The two main national parties - the Congress and the Bharatiya Janata Party (BJP) - are going to take a long time to digest the bitter medicine that they have had to swallow in the recent assembly elections held in five states. Apart from the fact that these election results have once again shown the declining popularity of national parties, they have also shown the declining popularity of these parties among the youth and women, specially in Uttar Pradesh.

The Election Commission classifies the Congress, BJP, CPI, CPM, BSP and the Nationalist Congress Party as national parties. These are parties which cross a minimum threshold of votes in at least four states. In the Lok Sabha election held in 2009, national parties secured 63.58 percent of the vote, with a good chunk of the remaining 36 percent going to state parties.  In the assembly elections held in 2007, the national parties had a vote share of 56.50 percent in Uttar Pradesh. In 2012, their share of the votes is down by about 3 percent. This still looks like a decent figure because the BSP is classified as a national party. If not, the share of national parties would be just 28 percent.

Similarly, there is a marginal drop of about 2 percent in the vote share of national parties in Punjab as compared to 2007. A detailed analysis of the results from Uttar Pradesh throws up the following trends: In a majority of the constituencies in this state, the Congress and the BJP were fighting for the third and fourth positions. Out of the 403 assembly constituencies in this state, the contest was mainly between these two parties only in 11 seats namely Mathura, Bilaspur, Govindnagar,Tamkuhi Raj, Suar, Varanasi Cantt, Varanasi South, Kidwai Nagar, Lucknow Cantt, Pharenda and Saharanpur Nagar. Everywhere else, the fight was mainly between the SP and the BSP and this left the two main national parties in dire straits. A high percentage of candidates (around 60 per cent) belonging to these two parties have forfeited their deposits. Several of them have suffered humiliating defeats. For example, in Bah constituency, out of the 1.83 lakh votes polled, the Congress secured 2411 votes and the BJP, 2131. This means each party got just over 1 per cent of the total votes polled! There are many such examples. In Aliganj, the BJP has polled less than 1 per cent of the 1.96 lakh votes polled. The Congress has done marginally better with 4 percent of the votes.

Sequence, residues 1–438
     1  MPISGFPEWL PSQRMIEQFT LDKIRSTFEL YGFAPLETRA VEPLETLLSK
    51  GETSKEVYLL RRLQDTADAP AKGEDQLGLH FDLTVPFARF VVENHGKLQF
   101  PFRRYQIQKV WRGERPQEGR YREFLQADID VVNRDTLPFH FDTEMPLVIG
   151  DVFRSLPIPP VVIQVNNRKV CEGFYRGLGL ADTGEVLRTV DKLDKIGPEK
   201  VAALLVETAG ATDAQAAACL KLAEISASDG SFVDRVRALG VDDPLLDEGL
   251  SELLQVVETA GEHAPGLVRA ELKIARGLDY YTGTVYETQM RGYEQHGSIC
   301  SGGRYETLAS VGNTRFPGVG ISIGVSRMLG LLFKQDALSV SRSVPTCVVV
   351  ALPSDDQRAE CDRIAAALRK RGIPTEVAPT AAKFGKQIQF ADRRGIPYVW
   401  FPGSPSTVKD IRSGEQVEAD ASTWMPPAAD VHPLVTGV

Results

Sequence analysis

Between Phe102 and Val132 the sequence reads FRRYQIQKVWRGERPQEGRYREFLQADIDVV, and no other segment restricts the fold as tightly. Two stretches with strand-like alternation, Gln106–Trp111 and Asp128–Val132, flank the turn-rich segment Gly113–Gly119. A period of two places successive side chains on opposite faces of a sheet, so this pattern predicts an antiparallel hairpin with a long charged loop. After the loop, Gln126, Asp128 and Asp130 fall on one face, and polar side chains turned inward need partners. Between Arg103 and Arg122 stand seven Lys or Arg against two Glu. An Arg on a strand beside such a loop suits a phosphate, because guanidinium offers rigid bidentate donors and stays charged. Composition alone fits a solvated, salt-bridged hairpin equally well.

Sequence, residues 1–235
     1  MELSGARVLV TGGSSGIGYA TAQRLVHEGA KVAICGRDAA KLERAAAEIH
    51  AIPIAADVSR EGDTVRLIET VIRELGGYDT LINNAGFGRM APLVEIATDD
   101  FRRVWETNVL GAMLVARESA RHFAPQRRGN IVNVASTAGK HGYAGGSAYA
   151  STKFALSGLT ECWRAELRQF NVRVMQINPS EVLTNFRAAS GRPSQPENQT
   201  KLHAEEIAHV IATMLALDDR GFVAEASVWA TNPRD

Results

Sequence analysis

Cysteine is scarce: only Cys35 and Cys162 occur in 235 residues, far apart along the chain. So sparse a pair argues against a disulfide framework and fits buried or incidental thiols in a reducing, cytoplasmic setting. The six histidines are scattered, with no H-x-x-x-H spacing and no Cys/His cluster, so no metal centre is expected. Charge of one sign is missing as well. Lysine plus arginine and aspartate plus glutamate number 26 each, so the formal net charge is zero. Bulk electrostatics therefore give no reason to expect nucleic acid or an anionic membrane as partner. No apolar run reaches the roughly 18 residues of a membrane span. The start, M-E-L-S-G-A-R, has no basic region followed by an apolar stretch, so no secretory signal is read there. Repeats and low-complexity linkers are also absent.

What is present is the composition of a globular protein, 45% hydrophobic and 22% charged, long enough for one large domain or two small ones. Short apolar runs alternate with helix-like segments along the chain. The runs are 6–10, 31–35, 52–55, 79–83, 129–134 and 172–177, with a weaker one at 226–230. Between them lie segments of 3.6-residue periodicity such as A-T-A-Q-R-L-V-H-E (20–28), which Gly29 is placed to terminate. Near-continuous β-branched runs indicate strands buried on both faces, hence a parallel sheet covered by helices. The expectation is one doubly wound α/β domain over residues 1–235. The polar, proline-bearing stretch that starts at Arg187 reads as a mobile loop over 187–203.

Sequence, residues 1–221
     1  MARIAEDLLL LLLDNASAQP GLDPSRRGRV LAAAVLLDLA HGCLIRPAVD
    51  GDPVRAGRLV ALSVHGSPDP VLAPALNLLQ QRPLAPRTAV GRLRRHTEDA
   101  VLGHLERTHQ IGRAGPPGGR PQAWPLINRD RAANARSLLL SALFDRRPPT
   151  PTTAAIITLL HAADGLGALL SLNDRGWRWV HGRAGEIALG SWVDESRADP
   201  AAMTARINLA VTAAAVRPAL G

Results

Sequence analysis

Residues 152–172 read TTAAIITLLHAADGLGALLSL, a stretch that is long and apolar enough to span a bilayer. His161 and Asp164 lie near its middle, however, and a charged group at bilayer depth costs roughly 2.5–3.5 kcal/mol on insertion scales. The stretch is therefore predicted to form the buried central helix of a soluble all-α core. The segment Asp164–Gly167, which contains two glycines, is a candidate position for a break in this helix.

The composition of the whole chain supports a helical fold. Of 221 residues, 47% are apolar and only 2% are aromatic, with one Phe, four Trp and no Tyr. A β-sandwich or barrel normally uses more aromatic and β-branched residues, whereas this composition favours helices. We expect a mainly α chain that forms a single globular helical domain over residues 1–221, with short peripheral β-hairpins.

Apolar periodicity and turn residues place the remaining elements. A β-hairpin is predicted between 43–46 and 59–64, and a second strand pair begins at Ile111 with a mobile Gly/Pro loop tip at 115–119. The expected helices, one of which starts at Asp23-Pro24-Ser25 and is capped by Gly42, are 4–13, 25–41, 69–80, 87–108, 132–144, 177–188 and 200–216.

Again, in Akbarpur, the Congress managed just 4 percent and the BJP less than 2 percent of the 1.72 lakh votes polled. There are dozens of such examples, which show how irrelevant the two parties had become in this election. The BJP also lost Ayodhya, a seat held by the party continuously for 20 years. There are other factors which are equally worrisome for both the Congress and the BJP. The disappointment is certain to be much more when the parties take into account the following factors: 1) This election saw a huge jump in first time voters; 2) A higher percentage of women voted in these elections and 3) Although there are more urban seats now than before, the Samajwadi Party stormed into the urban citadels of these two parties. In 2012, 1.37 crore new voters were registered in Uttar Pradesh, as compared to 2007.